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22 UV survival curves The UV survival curve for both mutant and wild-type indicates that there are repair systems to deal with UV – damaged induced DNA. 2 key observations: UV-irradiated bacteria if exposed to visible light showed an increased survival relative to those not exposed to visible light – PHOTOREACTIVATION UV-irradiated bacteria if held in non-nutrient buffer for several hours in the dark, also showed enhanced survival relative to controls which had not – LIQUID HOLDING RECOVERY or DARK REPAIR

23 Photoreactivation repair The enhanced survival of UV-irradiated bacteria following exposure visible light is now known to be due to PHOTOLYASE, an enzyme that is encoded by E. coli genes phrA and phrB. This enzyme binds to pyrimidine dimers and uses energy from visible light (370 nm) to split the dimers apart. Phr - mutants were defective at photoreactivation. Similar enzymes are found in other bacteria, plants and eukaryotes (but not present in man).

24 (from T.A.Brown. Genetics a molecular approach)

25 Direct reversal of DNA damage photoreactivation breaking covalent bond Capture energy from light

26 Dark repair or light independent mechanisms 3 mechanisms: 1.Excision repair – removal of damaged DNA strand followed by DNA synthseis 2.Recombinational repair - using other duplexes for repair. 3.SOS error-prone ‘repair’ – tolerance of DNA damage

27 Dark repair processes are defined by mutations in key genes uvrA, uvrB, uvrC, uvrD - excision repair recA, recB, recC - recombination, recA, - SOS error-prone repair polA (DNA pol I) All are very sensitive to UV light uvrA - recA - mutants are totally defective at dark repair and are killed by the presence of just one pyrimidine dimer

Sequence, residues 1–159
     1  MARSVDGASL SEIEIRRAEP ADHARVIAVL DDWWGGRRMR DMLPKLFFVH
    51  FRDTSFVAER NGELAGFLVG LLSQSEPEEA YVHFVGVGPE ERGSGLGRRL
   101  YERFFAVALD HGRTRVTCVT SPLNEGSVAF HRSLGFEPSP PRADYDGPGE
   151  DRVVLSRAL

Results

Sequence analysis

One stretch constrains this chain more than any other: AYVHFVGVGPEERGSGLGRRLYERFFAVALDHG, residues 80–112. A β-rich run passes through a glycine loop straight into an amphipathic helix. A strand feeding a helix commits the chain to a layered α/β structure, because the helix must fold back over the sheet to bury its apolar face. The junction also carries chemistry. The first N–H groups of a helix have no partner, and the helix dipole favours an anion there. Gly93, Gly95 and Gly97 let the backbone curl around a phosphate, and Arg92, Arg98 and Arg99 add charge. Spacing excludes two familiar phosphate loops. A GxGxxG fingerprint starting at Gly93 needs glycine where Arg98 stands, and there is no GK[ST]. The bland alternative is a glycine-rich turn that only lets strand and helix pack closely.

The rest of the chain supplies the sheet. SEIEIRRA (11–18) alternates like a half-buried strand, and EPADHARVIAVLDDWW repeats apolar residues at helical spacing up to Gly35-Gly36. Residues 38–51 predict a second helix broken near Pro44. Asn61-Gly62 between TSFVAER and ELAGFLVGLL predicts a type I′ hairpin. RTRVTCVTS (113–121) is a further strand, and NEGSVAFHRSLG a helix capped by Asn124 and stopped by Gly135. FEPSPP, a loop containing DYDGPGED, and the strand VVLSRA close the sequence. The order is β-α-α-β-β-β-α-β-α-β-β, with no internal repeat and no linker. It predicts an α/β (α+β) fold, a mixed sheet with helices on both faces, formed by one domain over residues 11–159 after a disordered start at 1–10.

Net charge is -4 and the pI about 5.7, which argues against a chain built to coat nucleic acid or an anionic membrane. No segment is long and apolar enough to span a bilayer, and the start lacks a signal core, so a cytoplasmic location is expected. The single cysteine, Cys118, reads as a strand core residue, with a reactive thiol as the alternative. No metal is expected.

28 Excision repair In this form of repair the gene products of the E. coli uvrA, uvrB and uvrC genes form an enzyme complex that physically cuts out (excises the damged strand containing the pyrimidine dimers. An incision is made 8 nucleotides (nt) away for the pyrimidine dimer on the 5’ side and 4 or 5 nt on the 3’ side.. The damaged strand is removed by uvrD, a helicase and then repaired by DNA pol I and DNA ligase. Is error-free.

29 Base excision repair If a damaged base is not removed by base excision before DNA replication: a fail-safe system oxoG:A repair

30 TT TT Damage recognised by UvrABC, nicks made on both sides of dimer TT Dimer removed by UvrD, a helicase Gap filled by DNA pol I and the nick sealed by DNA ligase Excision Repair in E.coli 5’ 3’ 5’ 3’ 5’ 3’ 5’ 3’ 5’ 3’ 5’ 3’ 5’

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32 Excision repair The UvrABC complex is referred to as an exinuclease. UvrAB proteins identify the bulky dimer lesion, UvrA protein then leaves, and UvrC protein then binds to UvrB protein and introduces the nicks on either side of the dimer. In man there is a similar process carried out by 2 related enzyme complexes: global excision repair and transcription coupled repair. Several human syndromes deficient in excision repair, Xeroderma pigmentosum, Cockayne Syndrome, and are characterised by extreme sensitivity to UV light (& skin cancers)

33 Base excision repair NOT a major form of repair of UV- induced DNA damage, but an important form of DNA repair generally. (from T.A.Brown. Genetics a molecular approach)

34 Homologous DNA recombination RecA protein is essential for homologous recombination (from T.A.Brown. Genetics a molecular approach)

35 Summary Both the dark repair mechanisms and photo- reactivation are very accurate and can deal with low levels of DNA damage. However, extensive damage levels to elevated levels of excision and recombinational repair, and also the activation of another repair system which is error- prone (SOS) repair This error –prone repair mechanism is a last resort to ensure survival